Randy Bernard is bound and determined to boost the IZOD IndyCar Series' TV ratings and put fans in seats even if it costs $5 million.
The series is offering a $5 million prize to any non-Indy driver who enters and wins the season finale at Las Vegas Motor Speedway. The idea is to show that Indy drivers are the best in the world but the real purpose, IndyCar's CEO said, is to stir up more interest in America's premier open-wheel series.
The idea has been criticized by Indy figures like driver Paul Tracy, who is looking for a ride and suggested that the $5 million could be better spent.
"I'd say, 'Paul, if you can sell the tickets I wouldn't have to do this,'" Bernard said Monday, responding to Tracy's criticism.
Bernard said "there's been no emotional attachment" to the sport by its longtime fan base since open-wheel racing split into competing series in the 1990s. But with the subsequent merger of Champ Car into IndyCar Bernard has sought to bring those fans back.
He said there has been significant interest in the five available slots for non-Indy drivers in the Vegas race.
"Drivers themselves not as much as agents," Bernard said, declining to name anyone. "I think people will be surprised in who wants to drive."
Some criteria — such as how long a former Indy driver like Sam Hornish has to be out of the series before he can qualify — have yet to be determined.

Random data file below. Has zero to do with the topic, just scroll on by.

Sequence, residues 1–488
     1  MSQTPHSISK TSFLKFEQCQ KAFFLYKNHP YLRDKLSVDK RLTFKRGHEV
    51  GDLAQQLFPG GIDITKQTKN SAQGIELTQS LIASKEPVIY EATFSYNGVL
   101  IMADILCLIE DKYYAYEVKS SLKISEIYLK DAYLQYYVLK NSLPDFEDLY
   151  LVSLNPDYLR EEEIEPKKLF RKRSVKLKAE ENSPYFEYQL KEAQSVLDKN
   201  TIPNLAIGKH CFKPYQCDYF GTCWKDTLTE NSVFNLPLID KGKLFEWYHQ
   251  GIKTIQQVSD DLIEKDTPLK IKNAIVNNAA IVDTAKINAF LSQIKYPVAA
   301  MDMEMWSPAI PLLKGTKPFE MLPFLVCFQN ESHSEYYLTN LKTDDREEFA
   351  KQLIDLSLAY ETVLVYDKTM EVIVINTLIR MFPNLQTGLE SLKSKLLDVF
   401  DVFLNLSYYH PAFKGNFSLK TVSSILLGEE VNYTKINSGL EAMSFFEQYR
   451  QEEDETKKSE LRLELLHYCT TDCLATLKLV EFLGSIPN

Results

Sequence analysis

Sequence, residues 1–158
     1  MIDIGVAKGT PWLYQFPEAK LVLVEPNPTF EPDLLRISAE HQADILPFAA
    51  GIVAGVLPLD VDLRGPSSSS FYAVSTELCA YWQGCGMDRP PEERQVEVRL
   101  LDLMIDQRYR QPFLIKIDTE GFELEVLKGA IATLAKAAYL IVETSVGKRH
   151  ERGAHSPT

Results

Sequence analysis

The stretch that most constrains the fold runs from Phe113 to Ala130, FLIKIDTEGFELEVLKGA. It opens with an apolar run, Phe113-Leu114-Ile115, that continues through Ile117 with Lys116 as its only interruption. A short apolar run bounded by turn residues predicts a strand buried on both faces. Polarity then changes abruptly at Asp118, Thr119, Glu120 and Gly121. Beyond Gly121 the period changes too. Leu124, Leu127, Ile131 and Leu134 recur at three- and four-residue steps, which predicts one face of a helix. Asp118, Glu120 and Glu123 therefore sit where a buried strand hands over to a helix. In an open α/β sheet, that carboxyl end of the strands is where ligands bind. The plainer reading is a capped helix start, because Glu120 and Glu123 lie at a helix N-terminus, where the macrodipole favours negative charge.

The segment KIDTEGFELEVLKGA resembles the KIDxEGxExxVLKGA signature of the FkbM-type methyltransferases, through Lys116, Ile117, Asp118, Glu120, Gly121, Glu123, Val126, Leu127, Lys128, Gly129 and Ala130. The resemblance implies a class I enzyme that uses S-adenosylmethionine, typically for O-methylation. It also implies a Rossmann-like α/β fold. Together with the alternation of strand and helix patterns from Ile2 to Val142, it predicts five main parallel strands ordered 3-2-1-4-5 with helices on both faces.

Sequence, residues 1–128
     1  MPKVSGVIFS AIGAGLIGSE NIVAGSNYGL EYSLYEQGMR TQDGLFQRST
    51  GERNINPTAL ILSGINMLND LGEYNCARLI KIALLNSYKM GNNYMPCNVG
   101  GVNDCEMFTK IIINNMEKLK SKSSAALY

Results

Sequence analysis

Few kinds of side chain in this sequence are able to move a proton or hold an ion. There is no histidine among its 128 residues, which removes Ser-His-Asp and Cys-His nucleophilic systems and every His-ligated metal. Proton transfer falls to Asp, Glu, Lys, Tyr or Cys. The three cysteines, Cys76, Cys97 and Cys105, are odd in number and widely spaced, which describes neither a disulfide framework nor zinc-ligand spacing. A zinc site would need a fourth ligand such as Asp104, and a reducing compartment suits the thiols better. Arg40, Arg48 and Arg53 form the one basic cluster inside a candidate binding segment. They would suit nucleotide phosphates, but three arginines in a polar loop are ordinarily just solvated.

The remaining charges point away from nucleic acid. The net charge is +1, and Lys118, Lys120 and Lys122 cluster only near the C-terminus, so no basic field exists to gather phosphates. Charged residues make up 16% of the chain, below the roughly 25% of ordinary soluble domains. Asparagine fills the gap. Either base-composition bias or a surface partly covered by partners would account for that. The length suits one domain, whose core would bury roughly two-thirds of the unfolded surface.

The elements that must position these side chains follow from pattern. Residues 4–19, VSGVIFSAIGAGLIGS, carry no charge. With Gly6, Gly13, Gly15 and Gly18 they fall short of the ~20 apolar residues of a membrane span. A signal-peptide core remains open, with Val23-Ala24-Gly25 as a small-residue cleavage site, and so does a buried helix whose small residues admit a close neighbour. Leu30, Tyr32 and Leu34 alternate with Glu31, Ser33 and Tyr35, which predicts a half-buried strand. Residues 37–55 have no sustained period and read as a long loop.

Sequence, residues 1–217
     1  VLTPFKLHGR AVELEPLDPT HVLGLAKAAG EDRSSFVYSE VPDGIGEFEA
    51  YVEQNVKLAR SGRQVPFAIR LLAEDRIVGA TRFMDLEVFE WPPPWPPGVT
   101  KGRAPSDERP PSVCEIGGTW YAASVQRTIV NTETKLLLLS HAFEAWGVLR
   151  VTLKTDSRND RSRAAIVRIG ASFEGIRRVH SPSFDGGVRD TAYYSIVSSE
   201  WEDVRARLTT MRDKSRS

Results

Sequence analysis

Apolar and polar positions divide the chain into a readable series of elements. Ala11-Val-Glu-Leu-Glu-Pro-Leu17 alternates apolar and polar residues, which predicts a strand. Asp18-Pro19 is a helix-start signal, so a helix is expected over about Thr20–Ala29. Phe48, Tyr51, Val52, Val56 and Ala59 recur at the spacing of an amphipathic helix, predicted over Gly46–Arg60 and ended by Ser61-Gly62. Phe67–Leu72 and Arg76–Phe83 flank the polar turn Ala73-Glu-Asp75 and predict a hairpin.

Bernard said he is looking for a significant boost in TV ratings for the race. Last year's season finale at Homestead was on the Versus cable network and drew a paltry 0.3 rating. This year's race at Vegas will be on ABC, which usually draws about a 1.0 for its race broadcasts.
"If we can't do a 1.5 to 2.0 rating on network TV I'd consider it a failure," Bernard said.
One thing he's already pleased about is the prospect of a sellout for the April 10 Honda Indy Grand Prix of Alabama.
"It gives me chills," Bernard said.
Last year, the only venue with limited seating that sold out was the race in Brazil. Barber drew about 55,000 for its race but didn't limit tickets sales. The size of the crowd created problems in shuttling fans after the race to offsite parking.
This year ticket sales at Barber will be limited to about the same number that came last year, but the track plans to have many more shuttle buses available to transport fans to offsite parking.
Bernard said he is also ready to announce in a day or two whether the IndyCar Series will adopt another NASCAR feature — the Lucky Dog. That rule gives the first car a lap down a free pass back onto the lead lap.
Team owners, like Chip Ganassi, favor the rule. But Bernard said a number of fans think it is "gimmicky."
The series is also limiting the number of cars per race this year to 24 with the exception of the Indy 500 and the Vegas race. Bernard said that is partly to cull out ride buyers but he is prepared to see some regular teams fail to qualify.
"Nobody wants to send anybody home, but it's just a way of life," he said.
Bernard dodged a bullet last week when Firestone agreed to stay in the IndyCar Series for two more years after announcing it would leave as the sole tire supplier after this year.
But the series will need to select a new tire supplier for 2012 for its Indy Lights development series as well as a title sponsor for that series. Having a different tire in Indy Lights will give the new supplier two years to get prepared to supply tires for the IZOD Series. AL.com